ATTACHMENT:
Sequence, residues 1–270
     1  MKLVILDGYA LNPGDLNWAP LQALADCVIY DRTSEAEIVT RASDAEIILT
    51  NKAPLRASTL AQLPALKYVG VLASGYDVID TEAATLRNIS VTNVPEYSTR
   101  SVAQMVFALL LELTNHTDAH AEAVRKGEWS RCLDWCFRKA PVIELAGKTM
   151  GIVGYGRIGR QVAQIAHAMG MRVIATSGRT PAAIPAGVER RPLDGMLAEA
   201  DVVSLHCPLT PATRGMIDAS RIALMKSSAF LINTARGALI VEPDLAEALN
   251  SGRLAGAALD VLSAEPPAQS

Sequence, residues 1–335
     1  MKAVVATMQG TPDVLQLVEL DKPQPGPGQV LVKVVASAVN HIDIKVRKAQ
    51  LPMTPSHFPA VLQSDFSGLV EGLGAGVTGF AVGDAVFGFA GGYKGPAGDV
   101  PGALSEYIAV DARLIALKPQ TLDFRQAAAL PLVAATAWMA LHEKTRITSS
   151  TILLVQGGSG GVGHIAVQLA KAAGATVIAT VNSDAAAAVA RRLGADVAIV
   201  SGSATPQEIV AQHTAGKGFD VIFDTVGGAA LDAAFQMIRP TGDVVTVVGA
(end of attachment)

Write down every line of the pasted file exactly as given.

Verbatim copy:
Sequence, residues 1–270
     1  MKLVILDGYA LNPGDLNWAP LQALADCVIY DRTSEAEIVT RASDAEIILT
    51  NKAPLRASTL AQLPALKYVG VLASGYDVID TEAATLRNIS VTNVPEYSTR
   101  SVAQMVFALL LELTNHTDAH AEAVRKGEWS RCLDWCFRKA PVIELAGKTM
   151  GIVGYGRIGR QVAQIAHAMG MRVIATSGRT PAAIPAGVER RPLDGMLAEA
   201  DVVSLHCPLT PATRGMIDAS RIALMKSSAF LINTARGALI VEPDLAEALN
   251  SGRLAGAALD VLSAEPPAQS

Sequence, residues 1–335
     1  MKAVVATMQG TPDVLQLVEL DKPQPGPGQV LVKVVASAVN HIDIKVRKAQ
    51  LPMTPSHFPA VLQSDFSGLV EGLGAGVTGF AVGDAVFGFA GGYKGPAGDV
   101  PGALSEYIAV DARLIALKPQ TLDFRQAAAL PLVAATAWMA LHEKTRITSS
   151  TILLVQGGSG GVGHIAVQLA KAAGATVIAT VNSDAAAAVA RRLGADVAIV
   201  SGSATPQEIV AQHTAGKGFD VIFDTVGGAA LDAAFQMIRP TGDVVTVVGA